Analysis and Maximization of Throughput Guarantees Offered in Wireless Networks
2012 (English)Doctoral thesis, monograph (Other academic)
The field of wireless communications has experienced huge growth in the last decades. Various new user applications have been developed, and the demand for efficient utilization of resources has increased considerably. Opportunistic scheduling schemes can provide higher throughput and increased quality-of-service (QoS) in wireless networks by giving priority to the users with favorable channel conditions.
In this dissertation, one of the main goals is to exploit the channel variations of the user channels to design the scheduling algorithms for improved throughput guarantees. Optimization problems are formulated with an aim at finding optimal scheduling algorithms for maximizing throughput guarantees in a wireless network. We show how the solution to such problems can be obtained both when the throughput guarantees are (i) identical and (ii) different for all the mobile users. We also develop the corresponding adaptive scheduling algorithms, both for the scenarios where single user is scheduled per time-slot and where multiple users are selected in each time-slot (e.g. in MIMO systems). The real-world systems based on MobileWiMAX, HSDPA, WINNER I and LTE are considered to analyze the proposed scheduling schemes. Results from simulations show that these algorithms can improve the throughput guarantees in modern cellular networks compared to other well-known scheduling algorithms. Another goal is to analyze the performance loss of such scheduling schemes in the case of imperfect channel information at the base station. We also suggest a rate back-off mechanism to reduce the outage probability in that case. Furthermore, we also propose an approximate expression for the throughput guarantee violation probability to analyze the performance of opportunistic scheduling algorithms without conducting experimental investigations. Such an expression can be very useful for the network providers.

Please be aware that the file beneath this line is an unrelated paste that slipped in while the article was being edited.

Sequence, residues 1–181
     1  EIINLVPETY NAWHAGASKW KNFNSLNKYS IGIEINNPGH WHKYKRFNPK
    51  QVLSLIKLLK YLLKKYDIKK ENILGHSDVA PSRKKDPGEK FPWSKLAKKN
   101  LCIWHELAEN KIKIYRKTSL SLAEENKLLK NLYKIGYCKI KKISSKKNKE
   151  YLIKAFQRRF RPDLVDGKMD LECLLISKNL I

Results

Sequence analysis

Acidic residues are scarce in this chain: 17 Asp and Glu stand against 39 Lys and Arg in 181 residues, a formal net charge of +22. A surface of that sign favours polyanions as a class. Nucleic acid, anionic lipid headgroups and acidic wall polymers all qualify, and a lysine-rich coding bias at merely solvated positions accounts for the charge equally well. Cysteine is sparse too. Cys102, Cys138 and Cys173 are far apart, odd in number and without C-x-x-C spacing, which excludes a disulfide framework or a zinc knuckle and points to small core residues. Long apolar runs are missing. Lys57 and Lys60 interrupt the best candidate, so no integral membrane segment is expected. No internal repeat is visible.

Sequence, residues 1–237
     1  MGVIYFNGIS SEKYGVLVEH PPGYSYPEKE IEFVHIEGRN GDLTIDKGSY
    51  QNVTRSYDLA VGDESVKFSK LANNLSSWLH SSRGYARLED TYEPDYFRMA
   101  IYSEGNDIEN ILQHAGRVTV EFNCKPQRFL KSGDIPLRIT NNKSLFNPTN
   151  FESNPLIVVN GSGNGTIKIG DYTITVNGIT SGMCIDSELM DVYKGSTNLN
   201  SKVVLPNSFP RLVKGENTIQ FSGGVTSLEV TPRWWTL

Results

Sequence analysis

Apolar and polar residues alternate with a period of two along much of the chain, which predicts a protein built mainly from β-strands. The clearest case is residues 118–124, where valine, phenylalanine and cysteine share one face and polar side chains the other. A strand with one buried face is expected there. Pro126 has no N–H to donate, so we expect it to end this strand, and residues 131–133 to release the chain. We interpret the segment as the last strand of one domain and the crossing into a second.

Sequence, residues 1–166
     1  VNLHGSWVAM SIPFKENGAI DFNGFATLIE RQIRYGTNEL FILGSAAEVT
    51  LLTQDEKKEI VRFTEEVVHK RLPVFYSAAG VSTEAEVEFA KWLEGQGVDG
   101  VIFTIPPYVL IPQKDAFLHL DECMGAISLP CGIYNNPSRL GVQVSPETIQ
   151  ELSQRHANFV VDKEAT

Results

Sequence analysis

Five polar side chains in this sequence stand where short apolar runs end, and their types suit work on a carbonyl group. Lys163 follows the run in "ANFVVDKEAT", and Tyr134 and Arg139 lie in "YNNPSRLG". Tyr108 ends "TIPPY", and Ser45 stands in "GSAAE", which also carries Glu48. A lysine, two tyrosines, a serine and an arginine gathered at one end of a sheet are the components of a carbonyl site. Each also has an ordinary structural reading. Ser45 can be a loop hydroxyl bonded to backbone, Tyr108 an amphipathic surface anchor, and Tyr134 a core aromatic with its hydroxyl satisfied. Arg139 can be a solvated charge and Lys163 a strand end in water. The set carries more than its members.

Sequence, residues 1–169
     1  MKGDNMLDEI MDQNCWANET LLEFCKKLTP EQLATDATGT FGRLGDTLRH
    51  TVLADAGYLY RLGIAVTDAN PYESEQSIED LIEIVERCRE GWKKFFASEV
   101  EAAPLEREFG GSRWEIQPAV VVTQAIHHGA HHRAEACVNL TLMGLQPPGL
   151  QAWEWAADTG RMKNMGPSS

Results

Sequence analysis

Most of the research in joint bandwidth and power allocation for wireless multi-user networks has focused on continuous rate, power, and bandwidth allocations in the presence of perfect channel knowledge. However, this is not the case with practical systems. In this dissertation, we therefore also consider the issue of discrete power and bandwidth allocation for discrete-rate multi-user link adaptation with imperfect channel state information. To be more specific, we discuss how the system can be designed in such a scenario for (i) sum rate maximization and (ii) average power minimization in a multi-user setting. The results show that with only a few codes, we can approach the performance of systems that employ continuous (infinitely many) rates. We have also found that the correlation between predicted and actual values of the fading envelope affects the system in the sense that the sum rate is reduced and average power consumption is increased as the correlation is reduced.
Place, publisher, year, edition, pages
Trondheim: NTNU-trykk , 2012.
Doctoral Theses at NTNU, ISSN 1503-8181 ; 2012:63
Simulation, visualization, signal processing, image processing
IdentifiersURN: urn:nbn:no:ntnu:diva-16518ISBN: ISBN 978-82-471-3397-2 (electronic ver.)ISBN: ISBN 978-82-471-3396-5 (printed ver.)OAI: oai:DiVA.org:ntnu-16518DiVA: diva2:526824
2012-03-30, 13:15 (English)
Øien, Geir, Professor